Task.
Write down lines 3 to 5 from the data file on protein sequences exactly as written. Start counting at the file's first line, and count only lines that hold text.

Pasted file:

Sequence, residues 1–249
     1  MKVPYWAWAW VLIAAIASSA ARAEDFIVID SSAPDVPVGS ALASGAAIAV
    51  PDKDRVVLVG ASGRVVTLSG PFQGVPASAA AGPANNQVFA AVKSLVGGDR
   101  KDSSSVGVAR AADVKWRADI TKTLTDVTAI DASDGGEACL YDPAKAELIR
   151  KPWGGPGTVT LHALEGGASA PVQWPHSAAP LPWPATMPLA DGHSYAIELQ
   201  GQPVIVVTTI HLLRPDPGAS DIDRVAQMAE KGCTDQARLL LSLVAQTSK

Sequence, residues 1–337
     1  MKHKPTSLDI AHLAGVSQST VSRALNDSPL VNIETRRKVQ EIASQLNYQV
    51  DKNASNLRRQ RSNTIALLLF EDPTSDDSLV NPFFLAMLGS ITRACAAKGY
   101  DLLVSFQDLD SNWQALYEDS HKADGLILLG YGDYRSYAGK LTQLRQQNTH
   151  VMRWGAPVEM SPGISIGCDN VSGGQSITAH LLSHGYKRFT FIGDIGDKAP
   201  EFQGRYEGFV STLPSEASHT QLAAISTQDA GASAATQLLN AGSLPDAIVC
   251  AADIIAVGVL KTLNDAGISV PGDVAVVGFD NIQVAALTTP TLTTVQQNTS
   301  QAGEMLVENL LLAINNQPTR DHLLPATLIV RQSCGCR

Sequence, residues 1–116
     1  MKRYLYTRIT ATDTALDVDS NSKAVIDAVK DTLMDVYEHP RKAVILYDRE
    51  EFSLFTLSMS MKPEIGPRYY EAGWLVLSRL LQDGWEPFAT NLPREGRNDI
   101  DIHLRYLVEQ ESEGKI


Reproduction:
    51  PDKDRVVLVG ASGRVVTLSG PFQGVPASAA AGPANNQVFA AVKSLVGGDR
   101  KDSSSVGVAR AADVKWRADI TKTLTDVTAI DASDGGEACL YDPAKAELIR
   151  KPWGGPGTVT LHALEGGASA PVQWPHSAAP LPWPATMPLA DGHSYAIELQ